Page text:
Behind the Bar
What to Ask When They Don't Know What to Order
It’s the thing that can make — or break — a perfect evening. Finding the right cocktail will either kick off a customer’s night on a high note, or leave a sour taste in their mouth. But what if you don’t know what they want? Maybe they’re usually a beer or wine person, but want to branch out into something a little more daring. Or maybe they’re tired of their typical bourbon and Coke or vodka tonic, but don’t know what it is they want instead.
Thankfully, it’s easier than it seems to find the perfect cocktail, even for novice drinkers. Below, seasoned bartenders weigh in on serving customers their ideal drink.
Ask what type of flavors they like
It really can be as simple as asking if they want fruity or sour, according to Sharon Groff, bartender at the Belvedere Inn in Lancaster, Pa.
“I ask the basic questions,” she says. ‘”Do you want something sweet? Do you like more along the lines of a Manhattan or something on the rocks? Do you want juice? Do you want soda?’ Get people to tell me what they like.”
Find out what drinks they typically drink
“A lot of people come up to me and say, ‘I like this. Or 'I like everything',” adds Chris Visic from Nashville’s Pinewood Social. “If you tell me you like gin, I’m like, ‘Cool. How do you like your gin? If you were drinking a gin drink, what would you drink?’ If you say, ‘I typically drink a martini,’ I’ll say, ‘Okay, cool. Do you take that dirty? Do you take it dry? Do you like a little more vermouth?’”
Even if they don’t know the exact liquor they prefer, knowing their favorite cocktail can go a long way in deciding what to create.
“I ask what spirits they like to drink,” says Nick Campisano, from downtown Phoenix’s Clever Koi. “Do they like bitter? Do they like sweet? Do they like sour? Do they like it stirred and up? Do they like it on the rocks? The first question that I ask is what they drink, and then we can go from there.”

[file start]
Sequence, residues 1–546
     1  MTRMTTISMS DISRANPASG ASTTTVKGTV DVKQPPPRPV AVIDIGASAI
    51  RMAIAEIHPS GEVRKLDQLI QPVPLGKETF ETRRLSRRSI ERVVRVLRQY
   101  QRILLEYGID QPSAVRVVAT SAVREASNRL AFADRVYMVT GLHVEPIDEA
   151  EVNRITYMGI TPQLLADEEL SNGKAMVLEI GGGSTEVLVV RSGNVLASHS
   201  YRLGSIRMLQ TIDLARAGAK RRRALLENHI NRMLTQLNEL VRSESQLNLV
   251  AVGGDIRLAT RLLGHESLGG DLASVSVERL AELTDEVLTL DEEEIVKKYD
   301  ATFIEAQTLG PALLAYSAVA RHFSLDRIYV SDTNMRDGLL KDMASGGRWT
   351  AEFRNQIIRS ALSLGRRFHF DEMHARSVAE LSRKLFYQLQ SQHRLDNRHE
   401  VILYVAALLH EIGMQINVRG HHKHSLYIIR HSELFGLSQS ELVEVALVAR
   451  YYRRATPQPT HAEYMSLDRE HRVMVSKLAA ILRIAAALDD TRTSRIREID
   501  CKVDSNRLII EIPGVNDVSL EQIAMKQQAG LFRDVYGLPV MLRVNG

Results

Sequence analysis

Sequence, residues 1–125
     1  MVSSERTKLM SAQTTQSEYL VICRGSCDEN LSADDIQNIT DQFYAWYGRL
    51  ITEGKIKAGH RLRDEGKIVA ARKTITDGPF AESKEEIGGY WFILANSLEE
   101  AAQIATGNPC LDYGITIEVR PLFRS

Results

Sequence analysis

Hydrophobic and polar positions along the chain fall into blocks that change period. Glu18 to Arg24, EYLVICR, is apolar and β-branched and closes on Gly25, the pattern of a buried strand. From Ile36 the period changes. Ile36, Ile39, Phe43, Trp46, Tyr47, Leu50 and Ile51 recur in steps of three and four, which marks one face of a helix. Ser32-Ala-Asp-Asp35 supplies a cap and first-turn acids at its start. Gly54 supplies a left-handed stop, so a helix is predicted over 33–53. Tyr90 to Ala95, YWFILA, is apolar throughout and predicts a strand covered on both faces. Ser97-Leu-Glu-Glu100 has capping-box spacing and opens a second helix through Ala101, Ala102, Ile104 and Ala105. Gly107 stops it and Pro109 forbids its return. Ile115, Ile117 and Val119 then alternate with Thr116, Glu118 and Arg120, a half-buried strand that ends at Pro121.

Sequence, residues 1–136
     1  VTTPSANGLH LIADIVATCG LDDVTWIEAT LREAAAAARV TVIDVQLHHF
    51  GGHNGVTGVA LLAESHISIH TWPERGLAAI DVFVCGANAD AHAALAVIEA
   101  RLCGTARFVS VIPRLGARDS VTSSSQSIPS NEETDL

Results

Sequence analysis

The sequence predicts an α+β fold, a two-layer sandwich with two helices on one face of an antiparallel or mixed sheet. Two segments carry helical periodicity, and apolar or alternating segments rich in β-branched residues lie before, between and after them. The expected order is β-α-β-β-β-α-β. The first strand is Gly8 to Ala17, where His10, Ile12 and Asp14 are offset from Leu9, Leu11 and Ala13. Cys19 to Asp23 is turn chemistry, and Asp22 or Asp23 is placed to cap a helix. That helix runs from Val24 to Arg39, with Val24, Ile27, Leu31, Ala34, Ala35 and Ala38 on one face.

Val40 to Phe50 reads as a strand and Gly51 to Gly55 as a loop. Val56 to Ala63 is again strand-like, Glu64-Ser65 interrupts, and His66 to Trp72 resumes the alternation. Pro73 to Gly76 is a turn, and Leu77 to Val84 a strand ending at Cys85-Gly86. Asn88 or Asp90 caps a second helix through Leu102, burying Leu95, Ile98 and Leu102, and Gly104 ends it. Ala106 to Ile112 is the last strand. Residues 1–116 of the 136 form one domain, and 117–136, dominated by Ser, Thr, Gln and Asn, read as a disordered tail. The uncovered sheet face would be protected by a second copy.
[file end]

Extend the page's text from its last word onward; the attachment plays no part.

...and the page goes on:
“With their wine or beer, I want to know what kind of wine or beer they drink,” he adds. “If they like fruity beers, then obviously the person would like a fruity cocktail. If they like dry, things like that, then you can go towards the stirred up kind of cocktail. There’s always ways around it.”
Know what they don’t like
Ask them to be honest and straightforward about what they don’t want. If the customer knows they hate the taste of whiskey, don’t try to talk them into something with Jack Daniels in it.
“I ask ‘Do you prefer maybe a margarita? Or, do you prefer something a little sweeter? Do you like fruit? What kind of fruit do you like?’ says Groff. “Maybe they don’t like peaches, or coconut. Knowing that will take you in one direction.”
“With foods, with mixers, with anything, there’s flavor profiles,” Campisano says. “So if somebody is like, I don’t like meat, I don’t like spicy, things like that, you can definitely build cocktails around it.”
Find out as much information as you can, and chances are, they will be pleasantly surprised, most likely with a new favorite drink by the night’s end.
“I need to pick your brain,” says VIsic. “If they come up to me, I don’t know them very well, but I know my bar very well, so I need you to communicate. I want you to have as much access to this as I do. “
Make what you know
Bartenders are handed the challenging task of keeping customers happy and making delicious cocktails. The key is to strike a balance between the two.
“I try to stay inside of the range of what I think this person will like, especially dealing with large body crowds,” Visic says. “I’ll try to think of ingredients that will be familiar, enjoyable, something light and fruity. And then something approachable, so I’m not cranking out the same thing, like a Cosmo they can get anywhere. I’m always going to want to make something approachable. I don’t ever want to go outside of the mold, unless someone comes up to me and says, ‘I like mezcal and I like spicy. I can try anything. Let’s see what you got.’ Then I’ll do something that’s maybe adventurous, or not appealing to every cocktail consumer.”
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